| Date Published: June 6, 2013 |
Latest Cruise News Headlines|
|European River Cruise Port Cities Face Flood Damage|
(2:07 p.m. EDT) -- Record-setting flooding in central Europe, responsible for scattering river ships and the cancellation of dozens of sailings, has left numerous cities with days (if not weeks) of cleanup ahead of them. Major tourist attractions, such as the Charles Bridge in Prague, remain closed to visitors. While the worst is over in Prague and Passau, other cities, including Dresden, are awaiting the worst.
The flooding has been a problem on most of central Europe's rivers but has been particularly bad on the Danube, Main and Elbe rivers -- all of which are important to the European river cruising industry.
Here's a roundup of some of the most important river cruise port cities and how they have been affected:
Bratislava: People in the Slovakian city of Bratislava are awaiting the worst of the Danube flooding, which burst its banks today. Despite a state of emergency being declared, the river is not expected to go past the flood barriers.
Budapest: The Hungarian capital is bracing itself for the floodwaters, which are just now beginning to reach the city and are expected to crest June 10. Already, the river has overflowed its banks, flooded roads and is creeping slowly toward the Hungarian parliament building. The full length of both sides of the lower Danube embankments are closed, tourists in hotels on Margaret Island, a park in the middle of the river, have been evacuated and all public boat transportation is shut down.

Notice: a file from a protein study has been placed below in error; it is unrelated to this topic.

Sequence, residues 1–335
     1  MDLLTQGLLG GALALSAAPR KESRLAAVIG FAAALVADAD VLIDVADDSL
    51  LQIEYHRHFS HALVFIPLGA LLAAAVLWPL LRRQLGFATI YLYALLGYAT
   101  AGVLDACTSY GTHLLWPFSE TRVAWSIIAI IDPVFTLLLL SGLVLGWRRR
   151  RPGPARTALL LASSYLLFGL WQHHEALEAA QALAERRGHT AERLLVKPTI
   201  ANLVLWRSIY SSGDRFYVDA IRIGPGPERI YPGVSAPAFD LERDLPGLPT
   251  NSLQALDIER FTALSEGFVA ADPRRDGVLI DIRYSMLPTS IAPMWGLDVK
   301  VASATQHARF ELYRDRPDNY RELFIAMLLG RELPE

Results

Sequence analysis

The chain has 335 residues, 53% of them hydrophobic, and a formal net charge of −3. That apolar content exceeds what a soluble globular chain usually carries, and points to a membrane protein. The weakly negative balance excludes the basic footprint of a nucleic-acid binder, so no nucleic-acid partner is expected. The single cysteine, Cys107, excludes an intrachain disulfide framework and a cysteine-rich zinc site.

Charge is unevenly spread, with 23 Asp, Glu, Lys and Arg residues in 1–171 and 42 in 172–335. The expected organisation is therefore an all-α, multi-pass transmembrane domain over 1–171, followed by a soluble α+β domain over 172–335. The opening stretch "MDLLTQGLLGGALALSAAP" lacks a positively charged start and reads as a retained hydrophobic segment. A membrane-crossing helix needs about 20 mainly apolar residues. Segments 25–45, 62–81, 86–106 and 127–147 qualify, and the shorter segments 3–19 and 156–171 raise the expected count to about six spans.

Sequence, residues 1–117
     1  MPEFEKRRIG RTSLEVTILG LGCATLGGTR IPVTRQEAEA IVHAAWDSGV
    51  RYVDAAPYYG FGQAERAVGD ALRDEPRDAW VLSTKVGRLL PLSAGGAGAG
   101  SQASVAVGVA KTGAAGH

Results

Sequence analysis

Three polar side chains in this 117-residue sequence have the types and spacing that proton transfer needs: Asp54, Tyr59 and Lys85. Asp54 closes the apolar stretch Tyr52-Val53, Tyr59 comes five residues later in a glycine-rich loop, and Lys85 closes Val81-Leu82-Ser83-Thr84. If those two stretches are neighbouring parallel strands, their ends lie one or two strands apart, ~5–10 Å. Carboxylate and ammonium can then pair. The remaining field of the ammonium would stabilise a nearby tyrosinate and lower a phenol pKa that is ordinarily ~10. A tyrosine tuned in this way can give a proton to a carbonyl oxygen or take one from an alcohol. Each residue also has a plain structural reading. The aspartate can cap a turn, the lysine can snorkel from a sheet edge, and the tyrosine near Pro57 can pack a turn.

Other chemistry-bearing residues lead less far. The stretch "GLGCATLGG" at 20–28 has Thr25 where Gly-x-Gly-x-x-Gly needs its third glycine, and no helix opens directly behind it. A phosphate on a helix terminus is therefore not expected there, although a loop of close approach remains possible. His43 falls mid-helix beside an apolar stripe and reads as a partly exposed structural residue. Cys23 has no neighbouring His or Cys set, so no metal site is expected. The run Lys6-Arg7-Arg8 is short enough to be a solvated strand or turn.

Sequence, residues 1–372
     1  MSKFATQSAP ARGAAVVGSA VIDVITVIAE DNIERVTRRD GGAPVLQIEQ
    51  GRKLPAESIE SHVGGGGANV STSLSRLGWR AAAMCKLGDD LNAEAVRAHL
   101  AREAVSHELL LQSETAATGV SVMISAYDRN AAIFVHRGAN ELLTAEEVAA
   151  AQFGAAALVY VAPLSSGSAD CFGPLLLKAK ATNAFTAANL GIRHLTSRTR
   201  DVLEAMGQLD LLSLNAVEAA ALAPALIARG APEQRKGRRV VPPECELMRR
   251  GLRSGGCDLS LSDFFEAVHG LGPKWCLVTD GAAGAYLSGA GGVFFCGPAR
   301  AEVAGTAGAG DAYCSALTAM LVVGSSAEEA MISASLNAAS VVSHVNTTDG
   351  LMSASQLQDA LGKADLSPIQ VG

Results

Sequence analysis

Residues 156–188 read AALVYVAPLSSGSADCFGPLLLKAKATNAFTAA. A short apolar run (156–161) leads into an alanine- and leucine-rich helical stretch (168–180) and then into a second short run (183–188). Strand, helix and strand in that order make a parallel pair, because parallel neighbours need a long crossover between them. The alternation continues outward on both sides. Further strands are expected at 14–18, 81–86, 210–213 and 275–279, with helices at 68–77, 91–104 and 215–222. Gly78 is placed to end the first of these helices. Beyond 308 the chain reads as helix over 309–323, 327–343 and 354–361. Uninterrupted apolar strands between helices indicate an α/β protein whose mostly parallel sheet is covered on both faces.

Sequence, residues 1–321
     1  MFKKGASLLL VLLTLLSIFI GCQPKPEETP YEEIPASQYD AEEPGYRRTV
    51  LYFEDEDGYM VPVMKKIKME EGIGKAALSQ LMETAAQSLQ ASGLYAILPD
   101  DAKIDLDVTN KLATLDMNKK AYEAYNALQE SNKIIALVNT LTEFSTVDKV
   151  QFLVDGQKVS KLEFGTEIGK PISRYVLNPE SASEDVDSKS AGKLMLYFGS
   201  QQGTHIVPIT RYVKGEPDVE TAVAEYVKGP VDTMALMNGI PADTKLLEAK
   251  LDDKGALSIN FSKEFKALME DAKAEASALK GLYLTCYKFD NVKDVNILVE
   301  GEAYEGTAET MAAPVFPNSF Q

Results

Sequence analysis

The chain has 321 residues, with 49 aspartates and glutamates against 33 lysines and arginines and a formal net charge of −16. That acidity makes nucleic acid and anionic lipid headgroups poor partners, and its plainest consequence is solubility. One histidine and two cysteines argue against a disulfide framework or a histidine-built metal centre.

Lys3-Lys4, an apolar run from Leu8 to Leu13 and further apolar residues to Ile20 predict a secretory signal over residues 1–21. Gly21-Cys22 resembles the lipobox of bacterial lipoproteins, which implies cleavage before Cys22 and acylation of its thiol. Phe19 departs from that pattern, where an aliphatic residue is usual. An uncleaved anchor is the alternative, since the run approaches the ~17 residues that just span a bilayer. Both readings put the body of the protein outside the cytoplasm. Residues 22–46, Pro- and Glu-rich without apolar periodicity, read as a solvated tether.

Melk: People were evacuated from the city center June 2 after parts of the historic section of the Austrian town flooded. But waters are beginning to recede, and the city's most picturesque attraction, the Melk Abbey, is undamaged.
Passau: The city of Passau experienced its worst flooding in 500 years and is only now beginning to dig out from under mounds of mud, silt and river debris. The extent of the damage to the German city is unclear.
Vienna: The river overflowed the banks and streets, and restaurants and shops flooded, but Vienna was not as badly affected as many other cities because of a special floodgate system. At the height of the flooding, which crested June 5, the docks for cruise ships were completely under water and the highway to the airport was under water. Most of the Austrian city was inaccessible by foot and electricity was shut down.
Dresden: The Elbe is expected to crest in Dresden sometime today (June 6), and hundreds of people have been evacuated in preparation for the flooding. Authorities do not expect the floodwaters to reach the old German town.
Meissen: Many of the streets in this small historic German city are already under several feet of water. Some 4,500 people have been evacuated.
Prague: Although the Elbe crested its banks and waters are receding, many of Prague's major tourist attractions remain closed including the Charles Bridge, Franz Kafka Museum, Kampa Museum and Czech Museum of Music. Among the areas evacuated included the town of Terezin (also known as Theresienstadt), a former Nazi concentration camp. Additionally, Prague's sewage treatment plant was shut down for several days; clean-up, therefore, will include ridding flooded areas of sewage debris.
--by Dori Saltzman, News Editor
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